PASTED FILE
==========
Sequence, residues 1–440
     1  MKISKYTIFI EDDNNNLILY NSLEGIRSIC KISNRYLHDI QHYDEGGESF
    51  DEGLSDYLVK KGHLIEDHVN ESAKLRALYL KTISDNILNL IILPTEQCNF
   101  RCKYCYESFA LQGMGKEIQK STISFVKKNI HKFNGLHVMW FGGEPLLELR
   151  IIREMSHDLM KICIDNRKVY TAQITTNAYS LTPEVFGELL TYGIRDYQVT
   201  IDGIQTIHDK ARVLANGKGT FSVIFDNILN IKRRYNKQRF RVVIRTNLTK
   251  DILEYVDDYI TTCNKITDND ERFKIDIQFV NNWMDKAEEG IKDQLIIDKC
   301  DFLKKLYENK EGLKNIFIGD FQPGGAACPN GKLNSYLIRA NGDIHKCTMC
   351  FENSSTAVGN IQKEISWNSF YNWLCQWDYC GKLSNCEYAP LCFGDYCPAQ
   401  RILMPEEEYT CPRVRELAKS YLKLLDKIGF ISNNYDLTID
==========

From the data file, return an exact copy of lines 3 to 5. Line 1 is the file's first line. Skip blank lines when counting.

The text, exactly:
    51  DEGLSDYLVK KGHLIEDHVN ESAKLRALYL KTISDNILNL IILPTEQCNF
   101  RCKYCYESFA LQGMGKEIQK STISFVKKNI HKFNGLHVMW FGGEPLLELR
   151  IIREMSHDLM KICIDNRKVY TAQITTNAYS LTPEVFGELL TYGIRDYQVT